Nationality Population (31.12.2019)
  Syria 3,975
  Turkey 3,110
  Bulgaria 2,410
  Poland 2,290
  Portugal 1,485
  Romania 1,240
  Russia 765
  Serbia 570
  Greece 525
  Kosovo 420

Politics edit

Bremerhaven has a city council with 49 members. It also elects 15 members of the Bürgerschaft of Bremen.

Sport edit

The Fischtown Pinguins, also known as REV Bremerhaven, are a professional ice hockey team in the DEL, Germany's top ice hockey league.

Eisbären Bremerhaven (Polar Bears), founded 2001, is a basketball team playing in the German second-tier level league ProA.

The American Football team is the Bremerhaven Seahawks which play in the German Regio Nord of the 3rd League. The Seahawks are the second oldest team in Germany.

Local association football clubs are Leher TS, SFL Bremerhaven and until 2012 FC Bremerhaven. TSV Wulsdorf and OSC Bremerhaven also have a football teams but as part of a multi-sport club.

Research and education edit

Bremerhaven is home to the Alfred Wegener Institute, a national research institute which is concerned with maritime sciences and climate and keeps a number of research vessels, amongst them the heavy research icebreaker RV Polarstern. It also runs the Neumayer Station III in the Antarctic.

The Fraunhofer Society Institute for Wind Energy and Energy System Technology [de] maintains research laboratories in Bremerhaven for development and testing of Wind Power components.[21]

The German Maritime Museum is part of the German Leibniz Association.

The Bremerhaven University of Applied Sciences [de] (Hochschule Bremerhaven) was founded in 1975 and is expanding since with more than 3.000 students in 2009. The university is attended by a large number of overseas students from all over the world. Among the courses offered are Process Engineering, Information Technology and the BA Entrepreneurship, Innovation, Leadership programme, the first programme modelled after the Finnisch Team Academy format in a German language higher education institution.[22]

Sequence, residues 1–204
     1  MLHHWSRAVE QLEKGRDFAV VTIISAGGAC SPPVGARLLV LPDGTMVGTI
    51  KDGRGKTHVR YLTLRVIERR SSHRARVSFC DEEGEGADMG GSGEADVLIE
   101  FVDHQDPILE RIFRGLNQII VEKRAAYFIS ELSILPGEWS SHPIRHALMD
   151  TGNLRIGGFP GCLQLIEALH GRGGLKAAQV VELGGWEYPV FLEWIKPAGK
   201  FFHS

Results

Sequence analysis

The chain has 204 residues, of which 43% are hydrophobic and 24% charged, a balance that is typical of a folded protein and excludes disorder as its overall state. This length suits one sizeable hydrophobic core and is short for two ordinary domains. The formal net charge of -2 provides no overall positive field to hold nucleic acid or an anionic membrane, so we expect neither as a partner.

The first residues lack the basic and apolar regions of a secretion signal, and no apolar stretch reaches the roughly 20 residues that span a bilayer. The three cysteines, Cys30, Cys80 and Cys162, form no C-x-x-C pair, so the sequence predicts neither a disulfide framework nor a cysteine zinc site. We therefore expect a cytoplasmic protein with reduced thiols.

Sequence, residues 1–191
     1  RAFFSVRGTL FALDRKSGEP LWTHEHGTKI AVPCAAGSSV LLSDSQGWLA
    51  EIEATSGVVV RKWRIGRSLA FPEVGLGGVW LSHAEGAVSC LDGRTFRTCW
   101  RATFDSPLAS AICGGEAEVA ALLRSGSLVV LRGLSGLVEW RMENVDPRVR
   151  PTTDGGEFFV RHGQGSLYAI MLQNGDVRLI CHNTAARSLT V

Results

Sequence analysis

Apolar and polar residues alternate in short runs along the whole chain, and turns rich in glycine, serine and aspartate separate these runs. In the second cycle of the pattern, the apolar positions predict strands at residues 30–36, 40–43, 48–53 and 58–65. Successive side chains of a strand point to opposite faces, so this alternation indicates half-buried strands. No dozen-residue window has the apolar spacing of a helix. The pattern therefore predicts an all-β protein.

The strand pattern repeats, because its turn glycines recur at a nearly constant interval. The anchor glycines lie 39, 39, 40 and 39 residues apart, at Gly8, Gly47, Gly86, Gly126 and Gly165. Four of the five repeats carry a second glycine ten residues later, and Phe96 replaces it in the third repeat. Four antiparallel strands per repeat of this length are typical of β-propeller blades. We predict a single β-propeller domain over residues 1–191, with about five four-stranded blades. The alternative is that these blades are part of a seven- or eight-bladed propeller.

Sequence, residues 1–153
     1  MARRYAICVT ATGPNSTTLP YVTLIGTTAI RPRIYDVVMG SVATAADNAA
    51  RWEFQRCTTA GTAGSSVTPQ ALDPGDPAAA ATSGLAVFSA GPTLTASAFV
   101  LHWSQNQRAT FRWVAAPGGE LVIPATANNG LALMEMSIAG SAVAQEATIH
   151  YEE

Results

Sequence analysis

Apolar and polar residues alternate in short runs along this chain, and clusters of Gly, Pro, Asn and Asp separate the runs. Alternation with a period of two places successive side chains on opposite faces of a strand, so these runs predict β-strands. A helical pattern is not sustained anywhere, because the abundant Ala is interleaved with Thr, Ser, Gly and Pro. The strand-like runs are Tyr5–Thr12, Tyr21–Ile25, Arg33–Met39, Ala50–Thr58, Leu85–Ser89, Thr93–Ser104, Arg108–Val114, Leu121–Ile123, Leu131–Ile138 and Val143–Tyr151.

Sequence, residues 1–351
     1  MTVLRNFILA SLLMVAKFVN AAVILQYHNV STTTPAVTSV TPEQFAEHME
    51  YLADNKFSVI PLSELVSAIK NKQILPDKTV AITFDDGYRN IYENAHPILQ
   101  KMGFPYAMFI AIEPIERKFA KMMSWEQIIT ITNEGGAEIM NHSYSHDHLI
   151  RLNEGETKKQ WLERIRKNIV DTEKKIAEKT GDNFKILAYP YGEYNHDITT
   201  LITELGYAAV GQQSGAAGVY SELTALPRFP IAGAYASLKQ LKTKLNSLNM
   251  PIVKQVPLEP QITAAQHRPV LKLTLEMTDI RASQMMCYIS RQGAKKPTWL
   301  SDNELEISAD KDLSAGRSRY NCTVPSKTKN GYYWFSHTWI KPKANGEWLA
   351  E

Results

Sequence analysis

Twin towns – sister cities edit

Memorial to emigrants from Germany in Bremerhaven harbour

Bremerhaven is twinned with:[23]

The three roads connecting the city of Bremerhaven to the Autobahn 27 consequently are named after the original three twin towns:

  • Cherbourger Straße (AS Bremerhaven-Überseehafen)
  • Grimsbystraße (AS Bremerhaven-Mitte)
  • Poristraße (AS Bremerhaven-Geestemünde)

In addition to that, there are also streets which earlier had been named after Szczecin (Stettiner Straße) and Kaliningrad (Königsberger Straße).

Notable people edit

Gottfried Semper
Norman Paech, 2010
Corinna Harney, 2011

Sport edit

Felix Magath, 2011

References and notes edit

  1. ^ "Bevölkerungsentwicklung 2022 im Land Bremen" (PDF) (PDF) (in German). Statistisches Landesamt Bremen. June 2023.
  2. ^ Dierks, August, Dr.; von Garvens, Eugenie (1954), Bremerhaven: Busy – Breezy – Booming – Town, Bremerhaven: The Chamber of Commerce and Industry{{citation}}: CS1 maint: multiple names: authors list (link) p. 8. Fourth revised edition. Translated into English from the original German edition titled Bremerhaven – tätige Stadt im Noordseewind